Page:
By Aian Macpherson
Intersession touches on a very significant factor for the miraculous, co-operation with God. Whilst we may be asking God to do a particular thing, there is always an element of co-operation, trust and submission to God in Christian prayer. If humanity has the God gifted authority to invite God to work in creation miraculously, then part of the miraculous appearing unnatural is the infinite complexity produced by interaction. Prayer does not simply allow God to override creation because we asked! But it does open up the option that faithfulness within this relationship of God to creation and humanity could lead to the unexpected.
As an example we will look at healing from illness. Providence and humanity together have a role. Because the world is ordered we have the possibility of repeatable experiment, and medicine. In church we pray for doctors and nurses to have wisdom. In the bible we are told to anoint the sick with oil. Oil was, we know, used as medicine in the classical world. It is not an either or situation. In the example of prayer for healing we are bring in the interaction of whatever we can do (medicine), with an invitation to God to act. We are asking God to compassionately co-operate with us as we co-operate with God. In the history of God’s people the miracle of God and the prayers and actions of people go together.
Miracles happen through a relationship of the creation to the creator. This relationship makes strange the idea that the creator of the cosmos would be acting supernaturally to heal. If we his creatures bring medicine and the natural faculties of our bodies to the miracle of healing, why cannot God, the source of life, be active in the same process of healing? I know of one person who regrew skin tissue at a (according to the doctor) ‘miraculous rate’. It was an unexpected recovery, treatment had been on-going but the wounds would not heal. Then they were prayed for and suddenly the patient went from unsuccessful treatment to very rapid recovery. I would say this was miraculous. But the tissue regrew it did not spontaneously materialise.
In intersession we ask God to act but also open up the possibility of creation cooperating with God. Miracles are not strange because what we claim has happened is unnatural but rather that it has happened unexpectedly. Illness is reversed, life is restored. In this we have a part to play.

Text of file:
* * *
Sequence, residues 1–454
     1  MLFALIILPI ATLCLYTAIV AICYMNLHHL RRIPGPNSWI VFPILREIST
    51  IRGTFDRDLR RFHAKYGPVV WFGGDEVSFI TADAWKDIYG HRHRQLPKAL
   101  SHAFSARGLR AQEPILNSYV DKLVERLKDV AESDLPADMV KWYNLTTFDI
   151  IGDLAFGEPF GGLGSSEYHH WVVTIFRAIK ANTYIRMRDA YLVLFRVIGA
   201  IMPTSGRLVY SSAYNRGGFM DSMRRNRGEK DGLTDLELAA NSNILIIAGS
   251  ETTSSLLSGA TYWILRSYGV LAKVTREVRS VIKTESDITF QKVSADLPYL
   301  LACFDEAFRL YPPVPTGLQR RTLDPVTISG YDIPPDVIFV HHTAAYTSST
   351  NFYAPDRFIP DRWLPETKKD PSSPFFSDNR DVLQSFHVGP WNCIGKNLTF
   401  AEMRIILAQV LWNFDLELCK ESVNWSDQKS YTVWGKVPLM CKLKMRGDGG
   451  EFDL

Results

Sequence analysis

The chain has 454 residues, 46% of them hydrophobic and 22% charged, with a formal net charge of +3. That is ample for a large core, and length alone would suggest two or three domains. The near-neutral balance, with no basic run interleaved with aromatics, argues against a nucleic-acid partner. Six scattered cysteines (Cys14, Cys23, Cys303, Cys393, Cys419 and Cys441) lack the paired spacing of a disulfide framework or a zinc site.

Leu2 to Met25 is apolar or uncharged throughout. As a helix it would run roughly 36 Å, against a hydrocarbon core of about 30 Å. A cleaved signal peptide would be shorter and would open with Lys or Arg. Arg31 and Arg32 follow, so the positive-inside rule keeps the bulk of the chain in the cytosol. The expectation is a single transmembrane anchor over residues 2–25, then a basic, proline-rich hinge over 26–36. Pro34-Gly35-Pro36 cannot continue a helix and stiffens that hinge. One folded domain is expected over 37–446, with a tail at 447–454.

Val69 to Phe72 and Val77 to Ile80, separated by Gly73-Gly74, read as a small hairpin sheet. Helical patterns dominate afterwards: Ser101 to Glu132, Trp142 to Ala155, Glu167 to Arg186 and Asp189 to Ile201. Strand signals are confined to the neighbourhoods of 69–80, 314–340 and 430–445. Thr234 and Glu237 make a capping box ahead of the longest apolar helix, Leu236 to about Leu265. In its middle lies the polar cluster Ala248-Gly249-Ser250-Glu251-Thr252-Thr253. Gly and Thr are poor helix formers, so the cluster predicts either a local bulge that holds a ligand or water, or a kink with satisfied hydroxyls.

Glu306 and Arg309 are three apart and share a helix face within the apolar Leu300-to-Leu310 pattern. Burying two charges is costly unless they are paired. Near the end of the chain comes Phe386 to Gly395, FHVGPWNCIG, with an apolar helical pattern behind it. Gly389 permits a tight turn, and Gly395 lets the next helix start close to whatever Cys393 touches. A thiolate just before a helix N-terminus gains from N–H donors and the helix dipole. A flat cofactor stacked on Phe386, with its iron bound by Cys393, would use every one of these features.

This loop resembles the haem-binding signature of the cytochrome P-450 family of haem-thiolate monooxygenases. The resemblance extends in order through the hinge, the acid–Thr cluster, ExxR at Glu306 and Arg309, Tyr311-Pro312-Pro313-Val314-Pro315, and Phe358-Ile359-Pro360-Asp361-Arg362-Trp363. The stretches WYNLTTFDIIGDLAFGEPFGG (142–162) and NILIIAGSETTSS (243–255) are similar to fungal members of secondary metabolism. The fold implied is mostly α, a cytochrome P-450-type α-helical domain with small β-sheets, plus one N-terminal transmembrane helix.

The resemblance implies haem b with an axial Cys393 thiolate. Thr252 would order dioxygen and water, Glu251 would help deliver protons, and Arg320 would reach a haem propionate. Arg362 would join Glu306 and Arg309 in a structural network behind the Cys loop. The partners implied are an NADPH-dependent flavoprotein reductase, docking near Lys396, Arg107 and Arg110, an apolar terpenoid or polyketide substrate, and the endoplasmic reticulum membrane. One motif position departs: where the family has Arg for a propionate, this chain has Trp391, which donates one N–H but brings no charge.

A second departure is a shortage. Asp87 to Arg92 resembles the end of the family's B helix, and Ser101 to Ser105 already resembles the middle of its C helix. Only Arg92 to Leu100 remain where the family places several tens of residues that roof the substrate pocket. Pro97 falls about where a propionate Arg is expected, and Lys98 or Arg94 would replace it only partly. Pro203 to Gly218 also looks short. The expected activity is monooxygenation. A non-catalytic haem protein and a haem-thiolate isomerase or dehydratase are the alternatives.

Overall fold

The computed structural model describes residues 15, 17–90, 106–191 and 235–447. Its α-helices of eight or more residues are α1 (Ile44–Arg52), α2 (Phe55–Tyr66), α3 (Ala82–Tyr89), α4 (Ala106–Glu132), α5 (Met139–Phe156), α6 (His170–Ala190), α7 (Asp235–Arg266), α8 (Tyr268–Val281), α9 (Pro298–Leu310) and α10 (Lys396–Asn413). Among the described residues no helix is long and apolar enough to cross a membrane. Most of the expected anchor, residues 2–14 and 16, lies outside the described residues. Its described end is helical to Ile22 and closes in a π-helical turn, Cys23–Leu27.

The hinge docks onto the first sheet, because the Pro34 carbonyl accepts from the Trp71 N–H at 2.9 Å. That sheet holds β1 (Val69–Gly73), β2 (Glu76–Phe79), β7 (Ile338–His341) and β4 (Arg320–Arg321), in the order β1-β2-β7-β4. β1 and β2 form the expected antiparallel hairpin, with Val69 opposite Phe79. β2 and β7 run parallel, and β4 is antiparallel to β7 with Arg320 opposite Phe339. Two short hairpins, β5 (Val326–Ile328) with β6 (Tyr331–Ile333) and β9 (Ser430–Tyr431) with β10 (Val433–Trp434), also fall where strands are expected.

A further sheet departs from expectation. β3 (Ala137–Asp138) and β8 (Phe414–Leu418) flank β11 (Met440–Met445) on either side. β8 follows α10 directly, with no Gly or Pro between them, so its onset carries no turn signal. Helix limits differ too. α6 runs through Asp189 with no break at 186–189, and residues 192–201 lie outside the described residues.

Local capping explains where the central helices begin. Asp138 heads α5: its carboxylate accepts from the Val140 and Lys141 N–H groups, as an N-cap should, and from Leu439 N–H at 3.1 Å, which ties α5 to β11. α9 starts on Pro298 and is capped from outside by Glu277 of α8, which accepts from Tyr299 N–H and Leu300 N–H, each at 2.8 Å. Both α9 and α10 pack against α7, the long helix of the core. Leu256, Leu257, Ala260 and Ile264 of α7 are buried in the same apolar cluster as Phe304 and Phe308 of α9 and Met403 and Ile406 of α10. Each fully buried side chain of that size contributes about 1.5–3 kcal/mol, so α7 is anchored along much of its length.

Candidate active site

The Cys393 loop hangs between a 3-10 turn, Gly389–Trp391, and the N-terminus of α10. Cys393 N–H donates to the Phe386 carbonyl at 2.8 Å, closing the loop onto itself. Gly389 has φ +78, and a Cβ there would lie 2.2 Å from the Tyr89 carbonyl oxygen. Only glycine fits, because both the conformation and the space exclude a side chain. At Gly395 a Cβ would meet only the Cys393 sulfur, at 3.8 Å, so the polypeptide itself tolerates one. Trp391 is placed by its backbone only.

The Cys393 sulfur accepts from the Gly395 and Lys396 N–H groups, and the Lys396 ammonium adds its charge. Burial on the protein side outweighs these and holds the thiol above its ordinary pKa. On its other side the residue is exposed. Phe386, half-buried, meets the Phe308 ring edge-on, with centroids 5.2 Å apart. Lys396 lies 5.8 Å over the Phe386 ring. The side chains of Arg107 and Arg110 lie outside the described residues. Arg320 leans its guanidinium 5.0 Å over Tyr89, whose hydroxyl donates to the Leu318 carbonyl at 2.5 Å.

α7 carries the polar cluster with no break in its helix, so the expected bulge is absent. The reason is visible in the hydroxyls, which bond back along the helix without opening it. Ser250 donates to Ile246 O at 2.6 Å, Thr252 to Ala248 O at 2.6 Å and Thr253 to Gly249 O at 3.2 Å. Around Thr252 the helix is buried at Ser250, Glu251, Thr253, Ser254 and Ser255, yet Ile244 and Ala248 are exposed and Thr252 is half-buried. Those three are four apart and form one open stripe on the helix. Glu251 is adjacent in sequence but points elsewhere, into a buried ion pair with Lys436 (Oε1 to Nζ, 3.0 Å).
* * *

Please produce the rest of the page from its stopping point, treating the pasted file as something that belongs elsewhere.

Our god like freedom to cooperate makes us responsible for answering prayer and joining with God by living justly and compassionately. So someone asks ‘How can God let children starve?’ But whilst I don’t want to dismiss the heart behind such a question, it is far better to ask ‘How can we let children starve?’ God has given the soil, the whole water cycle, the tools and wisdom we need to farm, the sun light, the right temperature, the gases of the air for breathing and photosynthesis. God does feed us, we have food. What humanity needs is generosity to share and wisdom to manage what we have, not more of it.
At the miracle of the feeding of the five thousand it was incumbent on the disciples to share what they had. The disciples pointed out the problem to Jesus, ‘look all the people are hungry and have no food.’ They intercede for the people. Jesus asked the disciples ‘what do you have to give them?’ Then Jesus told them to share what they had. The disciple’s obedience and participation are the foundation of answered prayer, the multiplication of the bread and fish came even as they were given.
When Christians pray ‘give us today our daily bread’, we are laying aside claims to more than we need and are praying for all our human brothers and sisters, and all creatures. If the church fails to act then we are culpable for starving children. If the rich fail to act they are responsible for starving children. God provides all that we need; we are responsible for our failure to share. Prayers are never an invitation to do nothing; prayer is the expression of desires that we must enact – a commitment to do all we can, and to trust God for the rest.
This may be one reason that miracles seem to be observed more amongst the poor. It is the poor who are in most need. May be miracles are a last resort – God acting when nothing ells will do? But why does God acting in one case bind God to act in another? That would be like condemning a surgeon for not saving one patient on the basis that she did save another. Miracles happen through us and through our intersessions, I trust, when and where they can.